Blind bowling

Bowling is a very popular sport, within Scottish War Blinded’s membership, which proves highly effective in reducing isolation, promoting positive health and well-being as well as camaraderie.

Bowling was first played by Scottish War Blinded members at the charity’s early permanent residence at Newington House in 1915, who traditionally used hand clapping to indicate the location of the Jack as well as large white boards to contrast with the black bowls. Today, members use a line down the centre of the rink to provide a point of reference for directors to call out clock based instructions to assist in accuracy.

The sport brings members together of all ages and abilities at both the Hawkhead Centre and Linburn Centre. Veterans based here have the opportunity enjoy the sport both indoors and outdoors.

Members from across Scotland have the opportunity to participate in Scottish War Blinded's annual Blind Bowling Tour who play a mixture of sighted and visually impaired teams across the country. In many cases, our members will meet fellow veterans living with sight loss and encourage them to apply for Scottish War Blinded membership.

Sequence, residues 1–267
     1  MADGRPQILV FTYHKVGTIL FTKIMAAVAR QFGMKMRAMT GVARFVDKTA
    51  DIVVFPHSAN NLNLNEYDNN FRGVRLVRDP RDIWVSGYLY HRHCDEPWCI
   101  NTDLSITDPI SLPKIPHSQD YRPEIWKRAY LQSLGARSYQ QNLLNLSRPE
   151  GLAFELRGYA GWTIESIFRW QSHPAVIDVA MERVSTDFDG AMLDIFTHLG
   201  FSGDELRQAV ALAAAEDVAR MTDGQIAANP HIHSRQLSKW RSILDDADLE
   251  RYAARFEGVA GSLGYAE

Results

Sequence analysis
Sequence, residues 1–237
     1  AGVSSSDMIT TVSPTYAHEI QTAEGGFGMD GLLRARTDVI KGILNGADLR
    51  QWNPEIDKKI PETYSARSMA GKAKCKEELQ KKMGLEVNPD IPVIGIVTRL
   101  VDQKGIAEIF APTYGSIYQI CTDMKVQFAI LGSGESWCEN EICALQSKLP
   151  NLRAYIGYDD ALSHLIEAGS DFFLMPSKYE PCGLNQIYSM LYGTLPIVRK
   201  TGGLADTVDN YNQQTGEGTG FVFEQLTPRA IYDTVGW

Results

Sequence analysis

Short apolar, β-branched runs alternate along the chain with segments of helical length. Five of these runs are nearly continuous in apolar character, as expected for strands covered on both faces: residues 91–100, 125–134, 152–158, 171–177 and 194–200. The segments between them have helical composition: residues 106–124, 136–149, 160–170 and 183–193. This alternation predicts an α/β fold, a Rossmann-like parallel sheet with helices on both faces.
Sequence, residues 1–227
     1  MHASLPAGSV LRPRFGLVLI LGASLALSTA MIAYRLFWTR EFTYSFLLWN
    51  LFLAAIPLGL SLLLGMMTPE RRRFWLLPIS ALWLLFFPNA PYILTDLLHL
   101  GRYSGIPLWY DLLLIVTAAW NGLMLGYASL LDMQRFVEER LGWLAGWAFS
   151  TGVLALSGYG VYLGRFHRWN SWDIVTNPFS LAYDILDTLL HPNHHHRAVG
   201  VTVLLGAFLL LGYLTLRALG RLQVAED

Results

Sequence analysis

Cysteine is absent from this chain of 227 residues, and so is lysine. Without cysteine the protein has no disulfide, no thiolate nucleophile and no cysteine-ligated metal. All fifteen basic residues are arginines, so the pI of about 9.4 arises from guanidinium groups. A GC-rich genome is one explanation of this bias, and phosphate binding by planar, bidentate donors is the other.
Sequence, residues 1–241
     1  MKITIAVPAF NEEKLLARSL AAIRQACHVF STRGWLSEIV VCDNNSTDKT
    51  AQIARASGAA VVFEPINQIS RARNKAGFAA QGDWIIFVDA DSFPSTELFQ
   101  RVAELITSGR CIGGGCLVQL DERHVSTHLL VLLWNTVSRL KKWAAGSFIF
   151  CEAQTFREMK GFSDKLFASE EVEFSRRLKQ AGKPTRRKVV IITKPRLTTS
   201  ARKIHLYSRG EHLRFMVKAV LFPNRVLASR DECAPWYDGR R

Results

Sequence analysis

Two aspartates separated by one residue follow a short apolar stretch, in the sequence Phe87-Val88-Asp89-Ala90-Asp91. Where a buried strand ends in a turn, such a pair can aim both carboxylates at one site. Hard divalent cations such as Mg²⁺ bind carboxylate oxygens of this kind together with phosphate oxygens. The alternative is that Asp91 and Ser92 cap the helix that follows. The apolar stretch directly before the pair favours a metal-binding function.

Scottish War Blinded member Ian Graham has captained our Blind Bowling Tour in recent years, who said:

"Our bowling tour is the perfect opportunity for members to come together to enjoy a friendly game of bowls. Many of our members experience considerable isolation having experienced sight loss, and bowling can play a significant role in regaining confidence and independence. Members also enjoy the opportunity to be ambassadors for the charity whilst on tour and have successfully recruited a number of new members as a direct result."

A number of our members, like Ian, have represented Scotland as visually impaired internationalists, who have proudly played matches across the globe for their country. Scottish War Blinded member David Thomas was part of the Scottish silver medal 2014 Glasgow Commonwealth paralympic Games team.